Project BMS was envisaged by the Indian Army to enable a faster decision process by commanders at all echelons, enable better decisions due to reliable operational information provided in real time and have the ability to quickly close the sensor to shooter loop by integrating all surveillance means
After successful validation of the system in the field, the process for equipping will begin. The Army was late in conceiving this system, in that, planning for networkcentric warfare (NCW) capabilities below Brigade HQ level was not originally thought of along with other Operational Information Systems. The BMS will comprise a tactical hand-held computer with individual war-fighter and tactical computers at Battle Group HQ and combat vehicles enabling generation of common operational picture by integrating inputs from all relevant sources by integrated use of GIS and GPS with a high data rate. Phase I of Project BMS comprising test-bed laboratory and field trials at test-bed location of one Combat Group and three Infantry Battalion Groups by 2012 has been inordinately delayed, initially three years lost due to indecision within the Army concerning delimitation between the BMS and the Future Infantry Soldier as a System (F-INSAS) under development by the Infantry and concurrent fallout in re-ordering of the feasibility study. The Infantry insisted in handling Phase 3 of F-INSAS (Computer and Radio Sub-systems plus Software Integration) by themselves while DGIS was already developing the BMS including for Infantry. The BMS design caters for lightweight, ergonomics and long-range communication over portable SATCOM (Team/Troop Leader level), and sensor integration is integral to the project.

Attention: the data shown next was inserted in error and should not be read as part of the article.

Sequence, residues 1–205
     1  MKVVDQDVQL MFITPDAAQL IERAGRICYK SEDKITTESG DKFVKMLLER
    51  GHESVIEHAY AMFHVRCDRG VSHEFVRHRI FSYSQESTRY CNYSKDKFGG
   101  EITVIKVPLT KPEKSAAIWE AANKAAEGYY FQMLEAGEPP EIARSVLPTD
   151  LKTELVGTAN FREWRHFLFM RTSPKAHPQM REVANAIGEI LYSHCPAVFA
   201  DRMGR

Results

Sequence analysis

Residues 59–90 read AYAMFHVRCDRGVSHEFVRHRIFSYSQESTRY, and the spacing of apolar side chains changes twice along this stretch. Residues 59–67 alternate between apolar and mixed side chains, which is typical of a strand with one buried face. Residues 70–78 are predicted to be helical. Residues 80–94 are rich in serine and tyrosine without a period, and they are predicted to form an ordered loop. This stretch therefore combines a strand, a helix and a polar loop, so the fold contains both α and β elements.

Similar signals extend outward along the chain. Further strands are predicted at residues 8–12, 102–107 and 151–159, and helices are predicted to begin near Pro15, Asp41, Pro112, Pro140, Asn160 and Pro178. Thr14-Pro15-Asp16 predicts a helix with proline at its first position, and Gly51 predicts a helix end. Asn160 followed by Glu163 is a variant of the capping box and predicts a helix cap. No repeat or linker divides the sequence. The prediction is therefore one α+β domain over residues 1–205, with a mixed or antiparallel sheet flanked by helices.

The BMS sought by the Army is to perform a variety of operational situational awareness and decision support functions at a battalion/combat group level. The lowest level to which the system will be connected is individual soldier/combat platform and the highest level will be the battalion/regiment commander integrating to the Tac C3I System through the CIDSS, enabling a common operational picture, integrating all sources through integrated use of GIS and GPS, will be a highly mobile and with high data rate. The communications should not interfere with the legacy communications; optimally utilise bandwidth available involving voice, data, imageries video streaming; scalable ensuring availability from being man-portable to being fitted in combat vehicles. For a BMS to be successful there is a need for a reliable, robust, resilient and efficient communication system that assures that the network is always functional. Net-centricity warrants a paradigm shift from voice centric to data centric systems and networks eventually enabling NCW capabilities.